Massive issues around the environment, social change, and worldwide economies feel intractable. Where do we even begin?
“Sustainable Network” author Sarah Sorensen sees things differently. She believes solutions to our biggest problems can be found in something many of use every day: the global communications network. In the following interview, Sorensen explains how the network shapes connections and opportunities far beyond technology.
What is a sustainable network?
Sarah Sorensen: Every network can be a sustainable network because it has the ability to be a sustainable platform for change. Unlike any technology that has come before it, the network is able to permeate all parts of the globe and establish new links and relationships between people, governments and economies.
Every network is also self-sustaining. In the book I call this the “The Sustainable Network Law,” which states that: the more broadband that is made available, the faster network innovation occurs, the greater the opportunity is for creating change, and the greater the need is for even more bandwidth.
Is “network” synonymous with “Internet,” or are you talking about something larger?
Sarah Sorensen: When I say the “network,” I’m talking about the world’s global communications infrastructure, which supports connections from all types of computing devices. It:
- Establishes relationships between people, things, governments and economies.
- Provides a capacity to build and develop relationships, which perpetuates its growth. The more we use it, the more uses we find for it.
- Represents the best platform we have for sustainable progress and action.
In a broader context, the network is a part of the information and communications technology (ICT) industry, which is the full range of devices and applications that play a role in digital communication. This goes from monitors and cell phones to PCs, storage devices, and all the different applications and hardware that enable the sharing or use of information. It stretches from the smallest home office to the largest global network.
Can you point to examples of the network creating positive change?
Sarah Sorensen: The network can create a lot of connections that create positive change. Kiva.org, which connects micro-lenders with entrepreneurs, is a great example of the network providing resources that can improve the opportunities of an individual, business or community.
Also, look at the role the network plays when disaster and tragedy hit. In Haiti, after the earthquake, within minutes we saw photos and news of the devastation and calls for aid from philanthropic organizations. The network served as the main source of information, providing critical links to family and friends around the world. Of course, this is nothing new. Relief and aid organizations have been using online sites to link people to humanitarian needs for years, but the use of social media to mobilize groups is becoming more sophisticated and effective.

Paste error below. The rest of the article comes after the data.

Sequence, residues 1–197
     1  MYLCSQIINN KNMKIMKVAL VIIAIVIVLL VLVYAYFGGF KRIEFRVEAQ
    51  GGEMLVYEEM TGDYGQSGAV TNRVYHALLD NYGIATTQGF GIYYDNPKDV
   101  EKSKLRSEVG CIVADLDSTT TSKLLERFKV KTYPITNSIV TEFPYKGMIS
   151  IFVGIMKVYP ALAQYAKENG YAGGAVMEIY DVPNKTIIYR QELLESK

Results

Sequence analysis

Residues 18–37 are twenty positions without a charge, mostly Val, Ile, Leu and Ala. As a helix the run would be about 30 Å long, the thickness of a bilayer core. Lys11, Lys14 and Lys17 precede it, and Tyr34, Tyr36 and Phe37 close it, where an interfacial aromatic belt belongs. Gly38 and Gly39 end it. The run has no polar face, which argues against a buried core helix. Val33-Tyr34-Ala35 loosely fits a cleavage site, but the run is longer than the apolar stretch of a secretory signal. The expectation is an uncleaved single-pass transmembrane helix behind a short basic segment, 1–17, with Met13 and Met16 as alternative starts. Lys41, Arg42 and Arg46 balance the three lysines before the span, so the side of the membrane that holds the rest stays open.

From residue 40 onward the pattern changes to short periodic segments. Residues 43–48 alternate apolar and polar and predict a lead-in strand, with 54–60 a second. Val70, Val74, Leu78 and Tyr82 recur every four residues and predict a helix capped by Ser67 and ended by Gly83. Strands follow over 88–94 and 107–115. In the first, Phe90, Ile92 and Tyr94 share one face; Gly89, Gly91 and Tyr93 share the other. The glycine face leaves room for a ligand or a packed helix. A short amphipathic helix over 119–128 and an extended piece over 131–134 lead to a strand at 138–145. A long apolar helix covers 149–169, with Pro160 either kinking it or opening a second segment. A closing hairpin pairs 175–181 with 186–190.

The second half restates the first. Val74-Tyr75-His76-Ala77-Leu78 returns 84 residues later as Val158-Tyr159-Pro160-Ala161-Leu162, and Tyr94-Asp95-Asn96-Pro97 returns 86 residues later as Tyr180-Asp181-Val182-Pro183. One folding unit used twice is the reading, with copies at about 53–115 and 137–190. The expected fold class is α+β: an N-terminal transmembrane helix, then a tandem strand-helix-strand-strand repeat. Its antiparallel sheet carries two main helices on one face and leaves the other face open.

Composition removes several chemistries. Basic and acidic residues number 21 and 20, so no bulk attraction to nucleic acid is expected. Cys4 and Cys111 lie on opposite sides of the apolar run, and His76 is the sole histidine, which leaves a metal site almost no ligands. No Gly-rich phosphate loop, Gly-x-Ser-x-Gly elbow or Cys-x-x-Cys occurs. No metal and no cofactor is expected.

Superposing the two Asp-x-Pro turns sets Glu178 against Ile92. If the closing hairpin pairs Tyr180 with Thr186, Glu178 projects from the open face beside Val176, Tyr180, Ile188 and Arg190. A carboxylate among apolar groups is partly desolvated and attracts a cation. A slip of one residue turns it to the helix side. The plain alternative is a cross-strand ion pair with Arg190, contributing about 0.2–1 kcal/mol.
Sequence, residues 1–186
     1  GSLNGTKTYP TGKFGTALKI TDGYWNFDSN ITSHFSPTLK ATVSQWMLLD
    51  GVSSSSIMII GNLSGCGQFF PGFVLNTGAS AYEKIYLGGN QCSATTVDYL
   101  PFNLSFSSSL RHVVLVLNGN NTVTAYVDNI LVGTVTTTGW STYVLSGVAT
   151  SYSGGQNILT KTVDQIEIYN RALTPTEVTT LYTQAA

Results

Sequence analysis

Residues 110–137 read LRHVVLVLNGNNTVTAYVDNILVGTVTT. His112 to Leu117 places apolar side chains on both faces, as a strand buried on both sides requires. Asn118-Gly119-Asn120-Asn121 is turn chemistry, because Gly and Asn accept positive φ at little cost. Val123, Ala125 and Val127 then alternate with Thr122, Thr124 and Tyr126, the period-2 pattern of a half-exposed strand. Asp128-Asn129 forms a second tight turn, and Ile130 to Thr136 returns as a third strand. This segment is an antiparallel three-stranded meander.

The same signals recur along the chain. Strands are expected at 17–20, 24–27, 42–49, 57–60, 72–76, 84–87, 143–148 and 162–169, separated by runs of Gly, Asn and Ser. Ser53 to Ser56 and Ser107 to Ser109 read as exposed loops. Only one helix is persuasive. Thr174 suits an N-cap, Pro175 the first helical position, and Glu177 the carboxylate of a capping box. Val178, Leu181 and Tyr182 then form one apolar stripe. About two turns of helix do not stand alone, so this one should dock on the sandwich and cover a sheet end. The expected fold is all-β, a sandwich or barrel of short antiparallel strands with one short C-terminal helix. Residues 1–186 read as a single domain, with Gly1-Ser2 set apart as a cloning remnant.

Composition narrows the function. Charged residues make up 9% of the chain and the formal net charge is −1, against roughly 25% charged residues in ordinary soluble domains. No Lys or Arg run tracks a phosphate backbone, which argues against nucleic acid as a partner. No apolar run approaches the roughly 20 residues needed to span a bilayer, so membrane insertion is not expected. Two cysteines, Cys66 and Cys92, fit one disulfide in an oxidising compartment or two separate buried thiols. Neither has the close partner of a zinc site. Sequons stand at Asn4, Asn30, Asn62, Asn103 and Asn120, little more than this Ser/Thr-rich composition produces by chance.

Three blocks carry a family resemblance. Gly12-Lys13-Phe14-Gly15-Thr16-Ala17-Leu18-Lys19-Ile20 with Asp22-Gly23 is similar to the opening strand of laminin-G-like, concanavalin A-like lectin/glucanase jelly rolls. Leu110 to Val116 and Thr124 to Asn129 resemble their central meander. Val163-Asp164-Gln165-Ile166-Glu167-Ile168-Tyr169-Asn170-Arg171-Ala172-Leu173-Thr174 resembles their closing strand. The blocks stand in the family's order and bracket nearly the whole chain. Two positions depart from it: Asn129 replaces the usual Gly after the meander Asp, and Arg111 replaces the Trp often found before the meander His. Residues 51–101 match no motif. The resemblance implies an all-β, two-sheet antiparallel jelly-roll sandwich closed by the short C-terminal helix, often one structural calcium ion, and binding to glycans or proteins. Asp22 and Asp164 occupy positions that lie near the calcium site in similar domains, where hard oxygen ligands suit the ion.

This is the promise and hope of the network. If it can help people band together and get involved, even in small ways, there’s the opportunity to ultimately make a big difference or solve big problems.
What should be done to protect and grow the network?
Sarah Sorensen: We need to roll out broadband to as many people as possible. This not only takes real investment in the infrastructure, but also a political environment that recognizes the link between broadband and economic prosperity. Restrictive regulation could hinder the roll out, which is one reason why there is concern about the FCC’s potential proposal to reclassify broadband as a Title II service.
How does the network affect individuals?
Sarah Sorensen: The potential is limitless, which is critical since we are facing some of the toughest challenges yet. Collectively, we need to make changes to our consumptive habits, adjust our resource dependencies, and create more sustainable social, economic and political models. On an individual level, we can use the network to be more efficient, reduce waste and get involved.
It will take everyone, so we all must understand it. This is where the book comes in — it strives to help people recognize the network’s role in the world around them, replacing vague notions of 3G, 4G, broadband and malware with a concrete understanding of how the network is relevant to their personal, business and civic lives.
Just look at recent headlines: U.S. lags in high-speed broadband access; Google pulls out of China; Court ruling on the FCC’s ability to regulate net neutrality. These highlight the broadband investments, cybersecurity risks, privacy issues, and political and ideology battles taking place right now that will affect the ability of the network to improve our lives in the future.
We need everyone to understand what’s at stake and participate in the dialogue to shape the changes we want to see. We are just at the beginning — we can’t even imagine the innovations to come — and it necessitates a base understanding of the network by all to ensure no one is left behind.
This interview was condensed and edited.